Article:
Archived podcast for paid Subscribers only. Please login to access.

In this, the conclusion to our conversation with author Brian Short, he tells us of his use of hypnosis that is different from how we normally abuse it. Then, for subscribers, host Jeremy Vaeni flies solo, finally revealing what happened when he met a woman at the Esalen Institute who was having kundalini experiences.

Dreamland Video podcast
To watch the FREE video version on YouTube, click here.

Subscribers, to watch the subscriber version of the video, first log in then click on Dreamland Subscriber-Only Video Podcast link.


  1. I was there when he met the
    I was there when he met the woman who was having kundalini experiences. Prepare for a fascinating listening experience!

  2. I really enjoyed this
    I really enjoyed this interview. It’s refreshing to hear a sincere experiencer without ulterior motive and the resulting unbalance on the human level. Sincerity is a great place to begin, and end. I just bought Brian’s book. It looks like an interesting read. Maybe I’ll post a review here, after I’ve read 747 (phone) pages and everyone’s forgotten about this thread…

    Great story Jeremy. I’m glad the New Age’s answer to Hugh Hefner got the cold shoulder while he was in hot water, and the lady got the nutritious happy meal she was hoping for. Seriously, I’m sure you gave her a valuable new perspective and lots to think about, and someone to not only listen, but understand, without trying to co-opt her experience onto an agenda.

    1. “Maybe I’ll post a review
      “Maybe I’ll post a review here, after I’ve read 747 (phone) pages and everyone’s forgotten about this thread…”

      Ha. Please do. We’ll not be waiting.

      1. Careful Jeremy. Your ego is
        Careful Jeremy. Your ego is showing.

        1. Hi Maggie
          I don’t think

          Hi Maggie
          I don’t think Jeremy meant “We’ll not be waiting” as an insult, I think he was referring to everyone forgetting about this thread by then, so no one will be waiting for it. It’s OK; I’ll remind everyone when it’s posted, of course, at the risk of showing my ego…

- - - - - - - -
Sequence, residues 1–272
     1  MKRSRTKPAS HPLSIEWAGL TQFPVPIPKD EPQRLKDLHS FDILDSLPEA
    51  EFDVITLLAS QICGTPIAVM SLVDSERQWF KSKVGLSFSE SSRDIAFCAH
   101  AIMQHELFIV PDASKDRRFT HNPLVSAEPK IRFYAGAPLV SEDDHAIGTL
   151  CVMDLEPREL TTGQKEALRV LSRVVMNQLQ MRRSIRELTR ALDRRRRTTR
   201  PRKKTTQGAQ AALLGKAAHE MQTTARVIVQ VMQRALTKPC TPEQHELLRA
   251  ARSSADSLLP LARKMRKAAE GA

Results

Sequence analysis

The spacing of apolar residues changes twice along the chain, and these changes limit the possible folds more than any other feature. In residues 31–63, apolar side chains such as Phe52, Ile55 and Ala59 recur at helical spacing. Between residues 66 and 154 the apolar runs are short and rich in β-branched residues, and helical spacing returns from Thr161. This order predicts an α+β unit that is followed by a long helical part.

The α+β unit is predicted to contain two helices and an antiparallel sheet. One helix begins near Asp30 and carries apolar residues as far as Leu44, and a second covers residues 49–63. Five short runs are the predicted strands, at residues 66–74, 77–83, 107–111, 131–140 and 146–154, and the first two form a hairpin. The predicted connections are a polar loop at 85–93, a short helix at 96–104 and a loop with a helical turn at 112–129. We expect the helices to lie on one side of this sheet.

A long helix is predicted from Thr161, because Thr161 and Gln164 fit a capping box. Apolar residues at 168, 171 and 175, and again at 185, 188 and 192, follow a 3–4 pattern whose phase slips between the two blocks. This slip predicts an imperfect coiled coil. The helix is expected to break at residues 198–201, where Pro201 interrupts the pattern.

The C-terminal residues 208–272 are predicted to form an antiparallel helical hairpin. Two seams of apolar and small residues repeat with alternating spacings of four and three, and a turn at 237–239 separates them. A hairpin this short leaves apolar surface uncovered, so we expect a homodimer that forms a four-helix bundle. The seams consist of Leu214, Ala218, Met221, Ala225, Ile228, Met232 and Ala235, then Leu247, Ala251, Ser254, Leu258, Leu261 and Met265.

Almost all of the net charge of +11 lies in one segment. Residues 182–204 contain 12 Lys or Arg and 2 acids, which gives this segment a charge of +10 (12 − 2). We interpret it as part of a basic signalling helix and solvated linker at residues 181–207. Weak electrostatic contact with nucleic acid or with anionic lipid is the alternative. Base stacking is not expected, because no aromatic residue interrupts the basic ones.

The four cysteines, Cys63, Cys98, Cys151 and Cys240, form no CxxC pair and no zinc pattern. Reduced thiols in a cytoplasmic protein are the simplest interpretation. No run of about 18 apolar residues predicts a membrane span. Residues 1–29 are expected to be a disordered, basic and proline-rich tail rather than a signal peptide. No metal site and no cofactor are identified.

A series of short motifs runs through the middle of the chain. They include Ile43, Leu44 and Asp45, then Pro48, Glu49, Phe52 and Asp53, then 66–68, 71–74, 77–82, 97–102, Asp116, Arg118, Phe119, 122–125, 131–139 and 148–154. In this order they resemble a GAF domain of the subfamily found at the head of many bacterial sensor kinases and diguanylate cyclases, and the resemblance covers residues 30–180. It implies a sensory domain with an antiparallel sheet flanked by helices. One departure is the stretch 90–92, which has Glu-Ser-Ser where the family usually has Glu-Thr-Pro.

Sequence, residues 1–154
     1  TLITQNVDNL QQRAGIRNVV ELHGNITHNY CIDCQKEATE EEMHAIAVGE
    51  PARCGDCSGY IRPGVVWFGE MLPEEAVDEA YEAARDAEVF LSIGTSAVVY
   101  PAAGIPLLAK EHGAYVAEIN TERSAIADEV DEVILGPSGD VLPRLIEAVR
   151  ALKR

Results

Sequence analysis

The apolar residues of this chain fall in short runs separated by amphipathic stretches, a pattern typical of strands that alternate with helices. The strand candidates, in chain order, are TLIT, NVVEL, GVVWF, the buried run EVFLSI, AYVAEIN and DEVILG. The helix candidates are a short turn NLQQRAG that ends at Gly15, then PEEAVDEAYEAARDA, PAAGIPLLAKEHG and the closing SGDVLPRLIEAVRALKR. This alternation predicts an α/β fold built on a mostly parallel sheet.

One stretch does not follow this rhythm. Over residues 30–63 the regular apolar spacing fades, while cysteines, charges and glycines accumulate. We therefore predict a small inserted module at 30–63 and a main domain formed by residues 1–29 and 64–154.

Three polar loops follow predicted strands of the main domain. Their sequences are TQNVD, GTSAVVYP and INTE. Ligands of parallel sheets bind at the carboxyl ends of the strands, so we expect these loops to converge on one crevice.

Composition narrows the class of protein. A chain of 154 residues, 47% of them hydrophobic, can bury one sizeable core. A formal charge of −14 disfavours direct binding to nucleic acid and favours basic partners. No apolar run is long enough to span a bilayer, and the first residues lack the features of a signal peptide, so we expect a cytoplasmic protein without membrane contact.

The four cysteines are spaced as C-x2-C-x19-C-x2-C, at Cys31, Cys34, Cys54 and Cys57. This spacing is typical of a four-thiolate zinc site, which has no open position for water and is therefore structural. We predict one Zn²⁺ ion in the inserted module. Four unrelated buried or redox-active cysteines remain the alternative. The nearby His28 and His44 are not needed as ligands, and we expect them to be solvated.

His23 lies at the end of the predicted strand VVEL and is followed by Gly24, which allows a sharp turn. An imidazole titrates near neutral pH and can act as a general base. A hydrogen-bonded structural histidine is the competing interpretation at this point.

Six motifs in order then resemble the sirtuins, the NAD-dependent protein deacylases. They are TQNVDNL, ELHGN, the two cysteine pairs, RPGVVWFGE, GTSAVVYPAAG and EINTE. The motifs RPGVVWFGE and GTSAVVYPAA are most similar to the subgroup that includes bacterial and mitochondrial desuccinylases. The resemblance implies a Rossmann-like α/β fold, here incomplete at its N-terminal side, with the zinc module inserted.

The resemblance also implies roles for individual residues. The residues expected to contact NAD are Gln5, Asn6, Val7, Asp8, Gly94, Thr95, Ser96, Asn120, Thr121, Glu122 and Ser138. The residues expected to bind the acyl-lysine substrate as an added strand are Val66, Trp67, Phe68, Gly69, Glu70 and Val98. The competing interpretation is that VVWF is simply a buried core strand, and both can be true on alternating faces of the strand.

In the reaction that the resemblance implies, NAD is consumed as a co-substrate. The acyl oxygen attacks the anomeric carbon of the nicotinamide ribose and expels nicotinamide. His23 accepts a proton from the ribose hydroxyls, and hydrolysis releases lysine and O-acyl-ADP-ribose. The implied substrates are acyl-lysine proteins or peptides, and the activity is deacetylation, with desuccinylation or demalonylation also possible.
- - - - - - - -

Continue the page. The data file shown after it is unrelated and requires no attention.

3. Jeremy,
    i like when you take

    i like when you take the time to explain how questions can bring into the open what an experiencer is thinking about their experiences. Hearing you do this helps us see more objectively our story and our “understanding / interpretation” of our experience which has often been woven into the facts. It gives insight into oneself.

    This is not something “taught in school” but probably should be… how to listen and respond without judging especially about ourselves!

    It has seemed to me the “i know you believe what you are saying ….” response is quite hard NOT to take as a statement of disbelief. However…i have come to understand it depends on what it refers to of one’s story. if spoken in regards to objective telling of an experience…rather than how one has interpreted it or woven meaning from the objective facts… there is quite a difference.

    Thank you for taking the time to explain these things -more than once for folks like me who are not so quick to “get it”.

    It is also helpful to remember that when someone’s story/ies are met with strong negative responses both judgment and fear are part and parcel of that response. Today there seems to be less of that… but ridicule still runs a strong race. SOOO not being judgmental is the key….

  4. Hi, again, Jeremy. Good
    Hi, again, Jeremy. Good show, as usual. Regarding what you were speaking of near the end of this episode, I don’t see it as hypocrisy, as such. To me, it seems more like a result of one’s subjective experiences vs those of others who may or may not have experienced something similar. Ah!, good ol’ subjectivity. It’s all part of the great & groovy trip of life. Or, as the late Robin William titled one of his albums, “Reality … what a concept.” :p 🙂